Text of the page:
Mazur v. Citadel General Assurance Co.,  B.C.J. No. 2061, British Columbia Supreme Court
The deceased died as a result of injuries from a motor vehicle accident. The three plaintiffs, who were the deceased’s family members, brought a tort action against the defendant driver who had third party motor vehicle liability coverage from Co-operators, an out-of-province insurer. The plaintiffs sought additional compensation under the SEF 44 Family Protection Endorsements of three out-of-province insurance policies issued by Co-operators, Citadel and Liberty.
The Court held that Co-operators was the primary insurer. Under Clause 7 of the SEF 44 Endorsement, the primary insurer was the insurer of the vehicle in which the deceased was an occupant at the time of the accident (Co-operators). The issue was whether reliance upon the clause by the other two out-of-province insurers (Citadel and Liberty) was a “defence” to a claim which would have been unavailable if the policies had been issued in British Columbia. If so, reliance upon the clause would be contrary to s. 2(2)(b) of the Insurance Company Motor Vehicle Liability Insurance Regulation, B.C. Reg. 84/91 (the “Regulations”). The Court held that reliance upon Clause 7 of the SEF 44 Endorsement was not a “defence” to a claim but merely determined the scope of the insurers’ respective obligations to the plaintiffs. As such, Liberty and Citadel were entitled to rely on the clause. The Co-operators policy was primary and the Citadel and Liberty polices were excess.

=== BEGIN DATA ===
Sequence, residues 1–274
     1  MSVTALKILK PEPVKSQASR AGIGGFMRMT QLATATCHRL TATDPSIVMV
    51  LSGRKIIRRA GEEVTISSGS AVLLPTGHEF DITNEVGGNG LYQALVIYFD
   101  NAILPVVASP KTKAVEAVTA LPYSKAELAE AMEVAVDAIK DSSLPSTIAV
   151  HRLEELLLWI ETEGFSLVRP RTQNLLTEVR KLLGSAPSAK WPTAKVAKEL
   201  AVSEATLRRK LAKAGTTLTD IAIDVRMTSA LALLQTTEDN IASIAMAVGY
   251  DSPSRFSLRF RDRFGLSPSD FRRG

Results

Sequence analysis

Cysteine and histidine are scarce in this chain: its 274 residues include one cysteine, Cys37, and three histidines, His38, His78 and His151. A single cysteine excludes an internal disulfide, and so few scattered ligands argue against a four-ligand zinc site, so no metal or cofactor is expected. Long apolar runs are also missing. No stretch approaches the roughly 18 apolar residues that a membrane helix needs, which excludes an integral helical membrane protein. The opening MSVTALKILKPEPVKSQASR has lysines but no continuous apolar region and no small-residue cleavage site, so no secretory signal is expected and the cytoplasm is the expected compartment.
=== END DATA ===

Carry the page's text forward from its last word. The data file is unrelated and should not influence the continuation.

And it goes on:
Under the SEF 44 Endorsement, it was clear that the plaintiffs’ entitlement was limited to a global amount of $1 million. The issue was whether under the Regulations each plaintiff would be entitled to the $1 million limit. If so, under s. 2(2)(b) of the Regulations, the insurers would be precluded from relying on the global limit under the SEF 44 Endorsement.
The Court held that the $1 million limit was the global amount available to satisfy the claims of the three plaintiffs. Under the Regulations, the limit of coverage for underinsured motorist protection was $1 million per “insured person”. The plaintiffs submitted that each of them was entitled to seek compensation under the Family Compensation Act, R.S.B.C. 1996, c. 126, and that as such, each of them was entitled to the UMP coverage limit of $1 million under the Regulations. Under s. 148.1(1)(c) of the Regulations, however, an “insured” was defined as a person “entitled to maintain an action” against the underinsured motorist. The Court noted that in an action brought under the Family Compensation Act, the person “entitled to maintain an action” is the personal representative. Where the action is not brought by the personal representative, family members may bring it, but it is for the benefit of family members “as if…brought in the name of the personal representative”. In the result, the UMP coverage limit was not $1 million for each beneficiary of a family compensation action, but $1 million for the beneficiaries of the action as a whole.
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